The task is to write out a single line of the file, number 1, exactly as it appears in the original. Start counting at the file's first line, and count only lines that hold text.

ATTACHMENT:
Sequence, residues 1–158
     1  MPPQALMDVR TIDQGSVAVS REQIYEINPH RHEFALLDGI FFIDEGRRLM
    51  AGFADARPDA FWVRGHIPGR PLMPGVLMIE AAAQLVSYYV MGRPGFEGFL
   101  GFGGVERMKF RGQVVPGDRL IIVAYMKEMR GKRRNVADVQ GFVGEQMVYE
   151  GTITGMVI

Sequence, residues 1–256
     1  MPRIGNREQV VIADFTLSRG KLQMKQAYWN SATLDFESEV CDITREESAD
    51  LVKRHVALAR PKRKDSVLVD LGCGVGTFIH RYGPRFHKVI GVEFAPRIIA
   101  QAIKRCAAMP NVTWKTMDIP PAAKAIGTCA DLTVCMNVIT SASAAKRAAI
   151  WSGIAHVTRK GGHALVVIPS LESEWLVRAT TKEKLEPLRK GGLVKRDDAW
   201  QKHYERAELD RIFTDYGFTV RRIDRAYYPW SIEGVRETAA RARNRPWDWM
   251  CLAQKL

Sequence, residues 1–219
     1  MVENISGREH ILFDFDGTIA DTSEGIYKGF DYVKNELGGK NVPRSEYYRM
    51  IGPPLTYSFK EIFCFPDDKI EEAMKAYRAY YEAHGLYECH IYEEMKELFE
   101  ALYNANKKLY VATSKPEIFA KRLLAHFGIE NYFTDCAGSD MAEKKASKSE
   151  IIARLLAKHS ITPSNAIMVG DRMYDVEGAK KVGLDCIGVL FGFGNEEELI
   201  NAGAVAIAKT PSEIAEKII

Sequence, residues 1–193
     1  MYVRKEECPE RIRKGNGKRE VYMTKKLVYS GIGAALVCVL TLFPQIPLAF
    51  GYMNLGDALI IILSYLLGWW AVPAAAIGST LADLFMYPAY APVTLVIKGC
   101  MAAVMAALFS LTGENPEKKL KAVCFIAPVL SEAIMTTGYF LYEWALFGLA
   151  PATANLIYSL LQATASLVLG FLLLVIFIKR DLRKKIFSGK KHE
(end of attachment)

Sequence, residues 1–158